The history of women’s football in the UK

Although women have likely played football for as long as the game has existed, in the UK there has long been resistance to women’s football. Explore the beginnings of the game and the efforts of women rallying for the right to play.

The early years of women’s football

Early direct references to women playing football in the UK suggest it has long been well established, with accounts from the late 18th century describing annual football matches involving the fisherwomen of Musselburgh and Inveresk in East Lothian.[1] Such descriptions show women engaging in football in an informal manner, much the same as men were doing in that period.

In the 19th century, Association football was established in England; the rules of the game were standardised, allowing clubs to play each other without disagreements arising as to what was and was not allowed. Subsequently, by the late 1800s, due to the popularity of this form of football, women too sought to establish women’s teams and leagues in the same way as men had done.

However, resistance to women’s football grew. Much like other aspects of women’s liberation some progress had been accepted as the hobbies of wealthy women, but any effort to establish women’s football as a regulated, potentially even monetised, sport faced rejection.

The first organised women’s football teams

This struggle is reflected in the efforts of two of the first established women’s football teams during the 1880s and 1890s. Press coverage was brutal and contemptuous; it focussed on the women’s appearance, their dress and their bodies, setting the precedent for how women’s football would be discussed for generations. In essence, football was a rough men’s game, infinitely unsuitable for women.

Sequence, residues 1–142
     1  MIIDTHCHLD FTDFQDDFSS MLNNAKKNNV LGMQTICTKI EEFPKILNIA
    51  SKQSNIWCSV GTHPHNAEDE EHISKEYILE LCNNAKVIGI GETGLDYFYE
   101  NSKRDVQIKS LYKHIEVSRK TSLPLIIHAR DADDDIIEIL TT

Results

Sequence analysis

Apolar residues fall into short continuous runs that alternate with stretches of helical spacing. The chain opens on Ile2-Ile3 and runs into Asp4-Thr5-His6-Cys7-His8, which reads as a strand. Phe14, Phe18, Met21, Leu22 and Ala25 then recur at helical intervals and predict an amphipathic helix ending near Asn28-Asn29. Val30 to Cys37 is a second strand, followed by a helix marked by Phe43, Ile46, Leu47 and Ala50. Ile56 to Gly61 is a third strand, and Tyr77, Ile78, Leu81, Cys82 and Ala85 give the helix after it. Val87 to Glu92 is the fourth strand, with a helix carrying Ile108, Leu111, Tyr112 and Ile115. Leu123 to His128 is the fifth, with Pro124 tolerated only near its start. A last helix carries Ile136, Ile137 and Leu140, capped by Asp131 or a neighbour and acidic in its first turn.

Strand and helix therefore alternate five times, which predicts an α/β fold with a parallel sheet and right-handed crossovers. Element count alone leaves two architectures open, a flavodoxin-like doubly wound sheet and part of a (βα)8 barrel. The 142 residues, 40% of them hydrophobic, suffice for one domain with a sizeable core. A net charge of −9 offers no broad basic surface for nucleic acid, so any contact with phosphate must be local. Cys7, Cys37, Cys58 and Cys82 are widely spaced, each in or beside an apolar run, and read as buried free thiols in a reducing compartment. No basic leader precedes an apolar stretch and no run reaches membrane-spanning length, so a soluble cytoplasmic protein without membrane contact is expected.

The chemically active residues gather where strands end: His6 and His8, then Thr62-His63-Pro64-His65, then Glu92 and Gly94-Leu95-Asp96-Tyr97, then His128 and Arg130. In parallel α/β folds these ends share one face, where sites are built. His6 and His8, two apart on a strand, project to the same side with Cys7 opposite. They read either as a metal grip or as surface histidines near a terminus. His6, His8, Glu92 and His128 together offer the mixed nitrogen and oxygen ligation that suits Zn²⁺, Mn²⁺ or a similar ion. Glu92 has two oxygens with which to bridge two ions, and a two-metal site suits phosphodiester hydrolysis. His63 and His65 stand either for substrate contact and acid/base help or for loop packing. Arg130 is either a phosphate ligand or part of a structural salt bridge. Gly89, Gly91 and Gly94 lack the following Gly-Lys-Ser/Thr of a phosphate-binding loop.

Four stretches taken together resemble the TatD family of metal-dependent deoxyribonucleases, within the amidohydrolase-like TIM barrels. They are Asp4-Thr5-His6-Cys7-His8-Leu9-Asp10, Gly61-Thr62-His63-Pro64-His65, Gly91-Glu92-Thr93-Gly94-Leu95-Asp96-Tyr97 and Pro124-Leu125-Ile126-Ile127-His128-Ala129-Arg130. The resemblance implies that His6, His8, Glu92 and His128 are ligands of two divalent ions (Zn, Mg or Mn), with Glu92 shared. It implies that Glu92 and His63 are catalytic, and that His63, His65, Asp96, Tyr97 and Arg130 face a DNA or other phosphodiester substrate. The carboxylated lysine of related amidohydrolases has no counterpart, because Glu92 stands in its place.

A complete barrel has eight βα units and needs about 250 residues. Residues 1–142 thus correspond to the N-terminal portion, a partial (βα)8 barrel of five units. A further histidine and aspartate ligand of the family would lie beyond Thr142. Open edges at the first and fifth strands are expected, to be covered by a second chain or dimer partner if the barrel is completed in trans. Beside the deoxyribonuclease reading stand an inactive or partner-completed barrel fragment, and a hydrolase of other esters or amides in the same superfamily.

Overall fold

Whether or not it has been the working mans’ religion or linked to proletarian community life, it has clearly mattered to many people that football, whatever the code, should be synonymous with masculinity.[2]

The first of these teams, widely considered the first British women’s football team, was Mrs Graham’s XI, established in Scotland in 1881 by Helen Graham Matthews (who played under the pseudonym Mrs Graham). The team’s first recorded match was on 9 May 1881 at Edinburgh’s Easter Road Stadium. At a match a week later play was called off after a protest at women playing resulted in a violent pitch invasion. Pitch invasions continued at matches, hampering play. Eventually, this early attempt to establish women’s league football was abandoned.

The second team, the British Ladies Football Club, was formed around 1894 by Alfred Hewitt Smith, with Nettie Honeyball (another pseudonym) as captain and figurehead. Under the patronage of Lady Florence Dixie, the Scottish writer and feminist, the team was joined by Helen Matthews of Mrs Graham’s XI.

In 1894, Honeyball advertised the team publicly, issuing a call-out for players. Asked about her motives for establishing the team she responded:

Why not? Aren’t women as good as men? We ladies have too long borne the degredation of presumed inferiority to the other sex. The subject has been in my mind for years. If men can play football so can women.[3]

Many were unconvinced. Even before the team had played one match they were reported on with derision. Though some considered the idea curious and amusing rather than threatening, there were commonalitites in the critiques, including:

  • The unsuitability of the sport for women’s bodies. Many considered it damaging and dangerous to women’s health.
  • Propriety, given that for practical reasons women would need to wear Rational Dress to play.
  • The uncomfortable idea that women might even charge for tickets and thus make money from sport.